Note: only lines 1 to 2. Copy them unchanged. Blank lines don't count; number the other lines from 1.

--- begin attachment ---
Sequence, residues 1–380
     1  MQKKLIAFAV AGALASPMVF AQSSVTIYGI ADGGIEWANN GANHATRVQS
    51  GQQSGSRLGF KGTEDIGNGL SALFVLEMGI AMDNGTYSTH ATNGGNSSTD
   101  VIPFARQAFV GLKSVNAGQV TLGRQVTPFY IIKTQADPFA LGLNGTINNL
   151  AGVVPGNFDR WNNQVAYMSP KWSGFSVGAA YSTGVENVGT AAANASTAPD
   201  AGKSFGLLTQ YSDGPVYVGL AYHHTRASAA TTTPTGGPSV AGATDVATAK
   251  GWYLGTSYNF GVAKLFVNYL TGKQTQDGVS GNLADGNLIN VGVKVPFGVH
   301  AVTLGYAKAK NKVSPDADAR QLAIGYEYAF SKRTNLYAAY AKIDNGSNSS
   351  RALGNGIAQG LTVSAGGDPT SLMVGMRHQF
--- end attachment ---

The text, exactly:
Sequence, residues 1–380
     1  MQKKLIAFAV AGALASPMVF AQSSVTIYGI ADGGIEWANN GANHATRVQS